While nation-state competitors have employed propaganda and information operations (IO) targeting the United States for decades, in recent years their efforts have changed dramatically. The rise of the Internet and social media as mechanisms for disseminating news has made our country both more globally interconnected and simultaneously more vulnerable to foreign efforts to destabilize our democracy. There is now clear evidence that Russia used influence operations designed to undermine U.S. democracy and citizens’ trust in its integrity in both the 2016 and 2018 election cycles. Adversaries are actively using information as a weapon to attack the United States, our political system, and citizens’ trust in it.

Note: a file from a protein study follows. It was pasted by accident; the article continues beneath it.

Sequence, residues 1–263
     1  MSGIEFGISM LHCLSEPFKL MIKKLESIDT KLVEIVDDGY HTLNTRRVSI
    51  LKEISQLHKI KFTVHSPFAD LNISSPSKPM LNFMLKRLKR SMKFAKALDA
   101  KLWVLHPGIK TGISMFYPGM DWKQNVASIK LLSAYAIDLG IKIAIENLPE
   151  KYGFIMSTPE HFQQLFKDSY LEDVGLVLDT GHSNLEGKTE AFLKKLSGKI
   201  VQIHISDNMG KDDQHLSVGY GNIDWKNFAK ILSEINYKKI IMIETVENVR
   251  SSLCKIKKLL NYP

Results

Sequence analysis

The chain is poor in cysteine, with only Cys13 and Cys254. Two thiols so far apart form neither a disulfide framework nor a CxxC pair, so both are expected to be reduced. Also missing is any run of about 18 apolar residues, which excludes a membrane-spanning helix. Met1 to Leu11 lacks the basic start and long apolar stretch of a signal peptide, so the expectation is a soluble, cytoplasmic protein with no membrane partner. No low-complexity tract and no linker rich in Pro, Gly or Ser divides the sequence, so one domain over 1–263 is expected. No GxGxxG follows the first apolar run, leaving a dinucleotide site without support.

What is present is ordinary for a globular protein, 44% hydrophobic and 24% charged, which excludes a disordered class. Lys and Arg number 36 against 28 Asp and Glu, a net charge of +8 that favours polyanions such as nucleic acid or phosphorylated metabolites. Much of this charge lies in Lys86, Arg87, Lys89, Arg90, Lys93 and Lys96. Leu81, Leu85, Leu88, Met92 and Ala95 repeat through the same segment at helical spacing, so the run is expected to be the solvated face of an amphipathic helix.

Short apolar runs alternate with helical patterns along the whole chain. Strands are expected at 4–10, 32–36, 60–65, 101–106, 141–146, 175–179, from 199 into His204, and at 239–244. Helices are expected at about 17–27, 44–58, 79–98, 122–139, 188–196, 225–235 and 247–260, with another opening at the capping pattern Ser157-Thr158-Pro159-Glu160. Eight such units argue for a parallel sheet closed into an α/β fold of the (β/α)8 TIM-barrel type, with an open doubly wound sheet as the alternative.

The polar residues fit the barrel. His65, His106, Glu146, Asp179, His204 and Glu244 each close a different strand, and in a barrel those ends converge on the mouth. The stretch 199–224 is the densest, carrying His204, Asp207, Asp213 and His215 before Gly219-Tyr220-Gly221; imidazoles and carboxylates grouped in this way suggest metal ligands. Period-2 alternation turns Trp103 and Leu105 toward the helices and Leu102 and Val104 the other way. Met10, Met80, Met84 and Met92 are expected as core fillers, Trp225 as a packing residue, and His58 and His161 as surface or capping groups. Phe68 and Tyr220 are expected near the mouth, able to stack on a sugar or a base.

A U.S. Marine carries cold weather equipment as he begins to march across the Icelandic terrain in preparation for NATO’s Trident Juncture 2018 exercise, October 19, 2018. 

NATO Photo

Report - Belfer Center for Science and International Affairs, Harvard Kennedy School

NATO at Seventy: An Alliance in Crisis

| February 2019

Approaching the seventieth anniversary of its founding in April 1949, the North Atlantic Treaty Organization (NATO) remains the single most important contributor to security, stability and peace in Europe and North America.